• You can refinance to a 15-year mortgage – Refinancing to a 15-year mortgage will give lower fixed interest rates but It will bind your fixed mortgage payments. Make sure to shop for a better deal and refinance, as your credit score may have improved since you took it out. Today’s modern refinancing options are much more convenient and user-friendly than ever before.
  • Simply make extra payments on your current mortgage. Paying extra to your current mortgage with an additional 1-month contribution, i.e. 13 months payments divided by 12 months will accelerate your payments, and you’re still free to adjust your contribution if your budget becomes a little bit tighter.  Making an extra monthly payment each month on a 30-year mortgage would reduce the term of your loan by around four years.

Check Your Family’s Insurance & Your Will & Testament.

If you haven’t done it yet, make sure you have everything in place when it comes to your insurance- your property, car,  life and disability insurance, medical and dental insurance etc. These can save you a lot of money in case of unexpected circumstances.

Make sure that your will and testament is also updated – as a wrote more about this in my article for 30’s.

Related articles:

Top Five Financial Tips – For 60’s (Pre-Retirees MUST Aim For More Secure Retirement

Top Financial Tips – Catching Up for 50’s

Best Way To Manage Your Money at 30’s – 8 Steps

The Power Of Investing Early – 4 Tips For 20’s

Managing Money For Children – Should You Blame Or Reward Your Parents?

Remember, that not having a financial plan is actually just having a really bad plan. Every financial plan is very specific to the individual, but you should look at your income and set priorities for paying off debts and saving for different needs.

I hope you enjoyed this article – Top Financial Planning Tips -for 40’s. And that it has added up a little bit more of your financial literacy in balancing your hectic job, family, spending, and debts.

If you have any comment and question or more tips for 40’s, please feel free to write them below. Good luck to your journey to financial freedom and God bless.

8 Reply to “Top Financial Planning Tips – for 40’s.”

  1. Wow, I really need to get on the ball! I’m in my 40s now and my husband and I do have couple of things in place for our future, but definitely not enough. My kids are 11 and 13 and college time is creeping up on us closer and closer. It’s kind of a scary thought. Thank you for the kick in the butt!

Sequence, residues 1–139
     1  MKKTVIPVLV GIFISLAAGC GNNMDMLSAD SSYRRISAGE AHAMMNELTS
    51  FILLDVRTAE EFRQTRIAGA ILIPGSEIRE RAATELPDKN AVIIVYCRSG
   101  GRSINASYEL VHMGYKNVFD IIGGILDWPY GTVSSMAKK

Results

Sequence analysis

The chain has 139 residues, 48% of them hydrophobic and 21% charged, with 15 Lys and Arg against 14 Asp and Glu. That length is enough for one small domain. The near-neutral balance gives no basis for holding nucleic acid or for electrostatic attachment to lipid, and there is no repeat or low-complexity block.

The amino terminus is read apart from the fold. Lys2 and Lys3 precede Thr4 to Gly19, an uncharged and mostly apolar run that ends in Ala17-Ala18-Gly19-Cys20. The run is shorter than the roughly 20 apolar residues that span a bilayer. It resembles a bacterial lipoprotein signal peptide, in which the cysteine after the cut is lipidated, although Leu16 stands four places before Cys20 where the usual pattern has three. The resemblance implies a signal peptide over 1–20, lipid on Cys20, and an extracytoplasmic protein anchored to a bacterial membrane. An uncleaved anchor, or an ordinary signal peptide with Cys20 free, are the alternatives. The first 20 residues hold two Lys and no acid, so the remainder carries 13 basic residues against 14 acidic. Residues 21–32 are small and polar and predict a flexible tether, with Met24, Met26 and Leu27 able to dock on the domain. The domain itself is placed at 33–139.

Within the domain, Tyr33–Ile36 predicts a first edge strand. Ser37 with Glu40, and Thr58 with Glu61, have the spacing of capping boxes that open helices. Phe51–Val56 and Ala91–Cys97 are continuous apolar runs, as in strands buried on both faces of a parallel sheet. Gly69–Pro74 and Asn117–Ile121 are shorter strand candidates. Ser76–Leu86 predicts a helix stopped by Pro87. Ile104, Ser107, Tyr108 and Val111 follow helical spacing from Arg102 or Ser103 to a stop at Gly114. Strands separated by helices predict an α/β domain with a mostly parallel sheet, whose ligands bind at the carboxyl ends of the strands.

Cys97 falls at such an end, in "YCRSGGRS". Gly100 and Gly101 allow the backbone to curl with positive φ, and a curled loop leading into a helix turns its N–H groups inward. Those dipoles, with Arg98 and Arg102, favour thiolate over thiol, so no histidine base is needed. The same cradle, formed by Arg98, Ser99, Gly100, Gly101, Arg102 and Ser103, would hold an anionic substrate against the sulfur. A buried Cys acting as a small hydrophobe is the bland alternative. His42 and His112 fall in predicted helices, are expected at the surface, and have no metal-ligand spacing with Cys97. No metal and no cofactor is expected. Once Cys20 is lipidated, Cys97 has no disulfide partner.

1. Hello Christina,
      I’m glad you liked the article and it pushes you to look closer to your personal finances.
      You still have plenty of time at your 40s. However, now you know that you should not delay anything to have a more secure financial situation in the future.
      Best Regards,
      Che

  2. Hi Che!

    What can I say, GREAT advice and seriously good guidance for those who have not started. I learned many of these lessons in my early years and as I approach my 60’s I can breath a sigh of relief knowing I will live a comfortable retirement. I will be sharing this post on my social media and to all my friends as a reminder to get started know with saving and investing and to pass these lessons onto your children.

    1. Hello there Steve,
      Thanks. I’m glad to know you have a very stable retirement plan.
      Sharing this post could help other people with their finances before it’s too late.
      I believe everyone deserves a decent retirement after many years of hard work.

      My best regards,
      Che

  3. These are great financial tips to keep you on track. I am in my late 40’s and dealing with all of these things, retirement, college and debt reduction. Your post is so helpful. I have decided that I will pay an additional mortgage payment a year because I love the concept of reducing my mortgage by 4-years! Thanks again for the tips.

    1. Hello there Heather,
      It’s great that you can relate to the article and it helped you to make an active decision with your mortgage.
      It’s always nice to get out of any debts, especially mortgages before you retire, so you can have more financial and time freedom during your retirement.
      Have a great day!

      My warmest regards,
      Che

  4. I feel that this article was written for me since I just turned 40 last month. One tip that struck me was Juggling Savings for College and Retirement. This is the most challenging part of our finances since we want to make sure our children will not struggle to go to college and at the same time, we want to save for retirement. I have 20-25 yrs left in my working life and glad to know this tip we can’t loan money for retirement and it’s difficult to make up the lost time. Very well said! Thanks!

    1. Hello there Ian,
      Thank you for stopping by.
      Yes, it’s indeed a common dilemma for every parent – Juggling college and retirement savings.
      Remember that you can always help your children to pay for the student loan and you deserve a decent life when you retire.
      My warmest regards,
      Che